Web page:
Don’t Settle For An Elf On A Shelf – Part 1

Don't Settle For An Elf on a Shelf Part 1

Don’t Settle For An Elf On A Shelf

Part 1

You better not cry,

You better not pout,

You better not cry I’m telling you why,

Santa Claus is coming to town.

He sees you when you’re sleeping,

He knows when you’re awake,

He knows if you’ve been bad or good,

So be good for goodness sake.

Oh, you better watch out,

You better not cry,

You better not…

Motive matters. Throughout the Bible, the issues of our heart matter most. The word heart is used over 500 times in scripture. It might surprise you to know that the vast majority of them are found in the Old Testament. Examples of people who tried to manipulate God by their outward actions fill page after page. Doing the right thing, acting, and “fooling” others can only mask a cold, hard heart for a period of time. A point comes when one’s true nature is revealed.

In the Old Testament King Saul tried to manipulate God. The people loved him. He was tall and handsome, a king his countrymen were proud of. He looked the part and had it going on.

In many homes an elf is part of the Christmas decorations. He’s used to keep the kids on the straight and narrow according to the old song Santa Claus is Coming to Town. You remember the lyrics:

He sees you when you’re sleeping,

He knows when you’re awake,

He knows if you’ve been bad or good,

So be good for goodness sake.

At this time of year, kids begin the count down to the big day. They dream about what they will get. They give hints and make lists. They anticipate, count packages, try to sneak a peak, and shake boxes. Parents try to do their best to make those dreams come true, to meet the expectations. They make lists, too. They spend more than they intend in the emotional rush and pressure of it all. Often, everyone’s stress levels run higher than normal.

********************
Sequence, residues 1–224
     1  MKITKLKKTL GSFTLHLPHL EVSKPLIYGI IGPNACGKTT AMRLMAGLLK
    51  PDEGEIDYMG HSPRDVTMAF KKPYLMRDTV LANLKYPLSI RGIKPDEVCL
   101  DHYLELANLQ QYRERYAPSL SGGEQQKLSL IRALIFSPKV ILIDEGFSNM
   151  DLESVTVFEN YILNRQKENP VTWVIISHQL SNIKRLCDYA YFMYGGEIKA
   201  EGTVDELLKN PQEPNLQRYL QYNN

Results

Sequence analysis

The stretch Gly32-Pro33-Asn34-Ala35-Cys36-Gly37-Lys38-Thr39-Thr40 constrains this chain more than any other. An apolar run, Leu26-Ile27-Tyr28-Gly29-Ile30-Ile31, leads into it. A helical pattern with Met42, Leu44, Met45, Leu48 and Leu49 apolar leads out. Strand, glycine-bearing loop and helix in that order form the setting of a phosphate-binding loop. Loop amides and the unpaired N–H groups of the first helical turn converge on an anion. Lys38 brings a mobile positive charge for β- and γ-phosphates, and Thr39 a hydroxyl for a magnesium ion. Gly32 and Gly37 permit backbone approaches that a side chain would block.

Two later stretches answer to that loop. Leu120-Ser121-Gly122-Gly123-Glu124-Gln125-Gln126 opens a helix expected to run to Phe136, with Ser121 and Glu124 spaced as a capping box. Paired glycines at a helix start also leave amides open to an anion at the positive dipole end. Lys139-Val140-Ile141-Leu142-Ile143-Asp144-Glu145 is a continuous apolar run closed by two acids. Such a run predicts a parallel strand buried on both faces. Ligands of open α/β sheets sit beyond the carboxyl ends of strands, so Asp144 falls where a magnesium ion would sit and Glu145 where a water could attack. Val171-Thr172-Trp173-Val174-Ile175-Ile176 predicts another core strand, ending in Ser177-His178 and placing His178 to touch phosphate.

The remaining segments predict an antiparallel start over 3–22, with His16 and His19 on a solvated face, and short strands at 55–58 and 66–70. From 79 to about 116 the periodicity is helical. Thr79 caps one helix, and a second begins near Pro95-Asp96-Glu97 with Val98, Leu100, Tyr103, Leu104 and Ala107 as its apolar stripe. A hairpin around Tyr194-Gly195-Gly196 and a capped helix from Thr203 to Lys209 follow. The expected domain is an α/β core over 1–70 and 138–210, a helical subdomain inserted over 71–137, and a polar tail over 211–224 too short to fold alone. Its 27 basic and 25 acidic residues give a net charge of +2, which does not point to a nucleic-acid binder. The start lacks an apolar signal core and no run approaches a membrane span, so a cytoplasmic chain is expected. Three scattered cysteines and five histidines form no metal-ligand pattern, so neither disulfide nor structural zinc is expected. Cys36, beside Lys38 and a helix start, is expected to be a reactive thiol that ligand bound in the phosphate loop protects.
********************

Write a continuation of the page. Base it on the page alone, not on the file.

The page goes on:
Parents want to bless their kids. They love them and enjoy giving them gifts. It brings them joy to see a smile as the little ones open packages. Kids wants to get the latest cool stuff. And they know how to work the system. They know that if they behave they can increase their odds of receiving a bounty of goodies.

As kids beg and parents give in, it can get crazy. There are plenty of problems with the way this is all handled—more than I can list. But here are ten that top my list:

1.  Removes worship from God to gods. No sense in trying to soften this point. Our behavior should be an outpouring of our love and honor to the One who made us. Our actions are our worship.

2.  Reduces presents to rewards for behavior and links doing with getting. Doing the right things, the things that honor God don’t always result in getting good presents. Often a kind action goes unnoticed, sometimes even taken for granted. When we communicate that good behavior results in getting stuff, we reinforce incorrect understanding of God’s ways.

3.  Sets both parents and children up for failure and raises expectations that cannot be met. If the kids decide to participate in this short-term proposition by behaving, then they expect it to pay off. When the parents set up the proposition they expect to be appreciated.

4.  Puts pressure on parents and kids—kids to perform and parents to overspend. Everyone loses. The kids can pull off their part, it’s only twenty-five days. The parents can just charge it all and pay if off later. That’s what everyone else does.